The new regulations which extend the HMO licensing rules to properties which are single or two storeys high are not the only changes coming into force on 1 October 2018.
There are also new mandatory minimum bedroom sizes.
What the law has been up to now
Up until 1 October 2018, there were no absolute minimum sizes. Many Local Authorities had their own recommended room sizes but these were supposed to be for guidance only.
If it was clear that they were following them blindly without considering the circumstances of the property, license conditions could, and often were, challenged. The leading case on this was Clark v. Manchester City Council in 2015 discussed here.
However, from 1 October, this will all change. This is the relevant statutory instrument.
The minimum room sizes:
- One person aged over 10 years – room must be not less than 6.51 sqm
- Two persons over 10 years – room must be not less than 10.22 sqm
- One person aged under 10 years – room must be not less than 4.64 sqm
So any room which has less than 4.64 sqm can’t be used as sleeping accommodation at all. At least not if the property is an HMO.
The statutory instrument refers to ‘floor area’ not ‘usable floor area’ and it does not look as if ‘floor area’ is defined anywhere. So there is scope for confusion here:
- Does it include the area inside cupboards?
- What about skirting boards?
- What about fireplaces/
However, the act does make it clear that any part of the room where the ceiling height is less than 1.5 metres cannot be taken into account.
Note also that under the new rules, the other areas of the property available to the occupier are not to be taken into account when determining the room size. So be careful about adding en-suite bathrooms as they will go to reduce the room size. For smaller rooms – maybe just a sink.
Time for compliance
The new minimum size rules will apply to all new or replacement licenses issued after 1 October 2018. So all licenses from then on will need to include conditions setting out the rules.
If the rules are breached without the landlord knowing about it- for example, if the tenant has a new baby, which brings the occupiers to above the permitted maximum, without telling the landlord – then if the Local Authority finds out about it they will notify the landlord. The landlord will be given a period of time, which must not be more than 18 months from the date of the notification, to rectify the situation.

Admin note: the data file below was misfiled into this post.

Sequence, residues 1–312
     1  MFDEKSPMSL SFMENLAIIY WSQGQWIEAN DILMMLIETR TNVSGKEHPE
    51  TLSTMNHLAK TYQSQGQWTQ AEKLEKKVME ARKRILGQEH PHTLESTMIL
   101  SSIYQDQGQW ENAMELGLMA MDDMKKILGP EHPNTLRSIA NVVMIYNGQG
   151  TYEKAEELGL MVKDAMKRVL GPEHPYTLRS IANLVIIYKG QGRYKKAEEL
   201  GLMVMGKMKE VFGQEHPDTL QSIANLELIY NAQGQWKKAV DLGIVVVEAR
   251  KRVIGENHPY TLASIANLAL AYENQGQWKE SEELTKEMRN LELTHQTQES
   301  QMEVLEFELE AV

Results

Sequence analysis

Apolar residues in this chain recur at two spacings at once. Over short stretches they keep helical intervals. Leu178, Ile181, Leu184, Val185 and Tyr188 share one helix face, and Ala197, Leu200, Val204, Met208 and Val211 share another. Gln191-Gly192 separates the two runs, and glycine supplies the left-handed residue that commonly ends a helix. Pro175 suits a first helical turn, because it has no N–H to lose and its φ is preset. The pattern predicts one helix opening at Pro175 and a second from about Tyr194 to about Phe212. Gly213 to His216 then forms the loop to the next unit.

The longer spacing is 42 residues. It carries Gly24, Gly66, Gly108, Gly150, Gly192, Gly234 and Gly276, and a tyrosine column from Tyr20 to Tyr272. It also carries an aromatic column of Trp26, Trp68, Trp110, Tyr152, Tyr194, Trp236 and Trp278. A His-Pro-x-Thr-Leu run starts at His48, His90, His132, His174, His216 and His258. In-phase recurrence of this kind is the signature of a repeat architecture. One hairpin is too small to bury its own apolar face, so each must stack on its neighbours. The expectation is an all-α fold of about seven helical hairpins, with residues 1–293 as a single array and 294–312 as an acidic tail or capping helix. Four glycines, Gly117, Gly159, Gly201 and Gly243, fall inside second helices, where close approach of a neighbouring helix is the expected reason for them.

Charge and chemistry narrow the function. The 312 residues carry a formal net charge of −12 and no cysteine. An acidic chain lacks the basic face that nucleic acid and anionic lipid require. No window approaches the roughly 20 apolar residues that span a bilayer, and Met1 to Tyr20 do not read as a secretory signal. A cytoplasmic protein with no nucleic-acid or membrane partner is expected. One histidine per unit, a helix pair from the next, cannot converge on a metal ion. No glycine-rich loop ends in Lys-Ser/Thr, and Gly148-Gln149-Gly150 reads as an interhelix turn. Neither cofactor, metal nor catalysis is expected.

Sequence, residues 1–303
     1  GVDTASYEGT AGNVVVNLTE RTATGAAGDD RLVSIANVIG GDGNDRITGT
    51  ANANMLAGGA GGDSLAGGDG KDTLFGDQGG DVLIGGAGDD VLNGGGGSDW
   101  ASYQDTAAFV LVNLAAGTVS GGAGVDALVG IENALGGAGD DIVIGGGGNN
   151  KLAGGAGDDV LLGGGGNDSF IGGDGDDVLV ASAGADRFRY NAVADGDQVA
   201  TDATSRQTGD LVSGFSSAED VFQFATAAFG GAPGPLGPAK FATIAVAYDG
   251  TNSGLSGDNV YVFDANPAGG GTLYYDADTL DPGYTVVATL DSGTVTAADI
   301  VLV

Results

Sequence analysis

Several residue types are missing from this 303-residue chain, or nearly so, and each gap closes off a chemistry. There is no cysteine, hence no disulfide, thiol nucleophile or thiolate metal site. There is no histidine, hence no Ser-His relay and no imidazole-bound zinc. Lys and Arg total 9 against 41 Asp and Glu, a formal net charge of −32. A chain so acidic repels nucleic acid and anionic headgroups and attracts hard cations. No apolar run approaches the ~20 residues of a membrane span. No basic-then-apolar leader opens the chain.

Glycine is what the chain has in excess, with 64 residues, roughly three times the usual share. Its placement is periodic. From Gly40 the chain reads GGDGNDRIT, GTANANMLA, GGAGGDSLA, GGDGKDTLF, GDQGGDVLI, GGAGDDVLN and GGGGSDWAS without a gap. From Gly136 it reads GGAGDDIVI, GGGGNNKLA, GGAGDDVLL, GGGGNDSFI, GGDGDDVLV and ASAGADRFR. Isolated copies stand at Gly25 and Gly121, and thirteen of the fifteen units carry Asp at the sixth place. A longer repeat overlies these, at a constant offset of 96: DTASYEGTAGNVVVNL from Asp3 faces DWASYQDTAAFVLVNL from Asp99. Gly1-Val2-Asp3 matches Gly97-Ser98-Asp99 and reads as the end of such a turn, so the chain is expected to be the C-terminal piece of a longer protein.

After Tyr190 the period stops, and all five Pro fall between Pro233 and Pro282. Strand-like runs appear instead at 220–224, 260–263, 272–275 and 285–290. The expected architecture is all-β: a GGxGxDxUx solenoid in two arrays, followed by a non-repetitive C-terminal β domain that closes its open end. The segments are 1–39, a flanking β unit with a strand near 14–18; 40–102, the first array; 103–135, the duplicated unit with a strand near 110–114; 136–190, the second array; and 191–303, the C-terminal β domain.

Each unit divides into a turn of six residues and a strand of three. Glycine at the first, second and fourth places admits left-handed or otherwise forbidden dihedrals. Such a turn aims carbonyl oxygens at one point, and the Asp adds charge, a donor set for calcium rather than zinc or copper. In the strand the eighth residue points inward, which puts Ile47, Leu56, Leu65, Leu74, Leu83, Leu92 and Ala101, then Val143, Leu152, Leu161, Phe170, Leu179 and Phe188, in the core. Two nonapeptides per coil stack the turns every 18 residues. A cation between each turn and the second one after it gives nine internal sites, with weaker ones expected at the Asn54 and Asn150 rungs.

If the tenants are uncooperative then the only course of action open to the landlord will be eviction, ideally under section 21. Another reason why long fixed terms are not a good idea – as you cannot use section 21 until after the fixed term has ended. Although I suppose landlords could always apply to the court for an injunction ordering the tenants to comply.
Tenancy Agreement advice
In view of all this, I would strongly recommend that from now all tenancy agreements specify the number of permitted occupiers. If family or other occupiers who are not tenants are included, these should also be named in the tenancy agreement.
Then if it is found that there are other people living there, it will be clear that the tenants are in breach of the tenancy agreement and you will have a much better chance of obtaining an injunction or even a possession order if the Council notify you that there are too many people or rooms are being used illegally as bedrooms.
We have had these clauses for some time in the Landlord Law tenancy agreements.
Tell the Council your room sizes
Rather strangely, the regulations also require license holders to notify their local housing authority of any room in their HMO which has a floor area of less than 4.64 metres.
Presumably, this is so they will know in future and won’t have to keep re-measuring the room.
Just to be on the safe side, landlords should take care to ensure that all floor plans done are absolutely accurate and are prepared by a reputable company. So that the correct size is known and recorded from the start. If your property is shown as having a smaller size room than is, in fact, the case, you may experience problems in the future.
Is all this a good idea?
Councils have wanted set minimum room sizes for a long time as it makes life easier for them. This is understandable as they are mostly short staffed and don’t want to have to take time to consider whether small rooms are justified or not. However, it will undoubtedly mean that accommodation which might otherwise have been accepted will no longer be available.
- For example, if you have a very small bedroom which is all that the tenant has to live in – it is probably right that it should be banned.
- However if you have the same size bedroom, but the tenant lives in a large house where he has access to a spacious living room and kitchen plus a garden, and only uses the bedroom for sleeping – its less of a problem.
Many houses have rooms which were always intended to be used as bedrooms but which are now too small to be used as such in an HMO. In a time when affordable accommodation is at a premium, this is not going to help things.
Particularly as the rogue and criminal landlords are unlikely to let it stop them cramming as many tenants as they can into their substandard properties. Frequently unchallenged and ignored by the housing authorities when they don’t have the resources to deal with them.
But what do you think?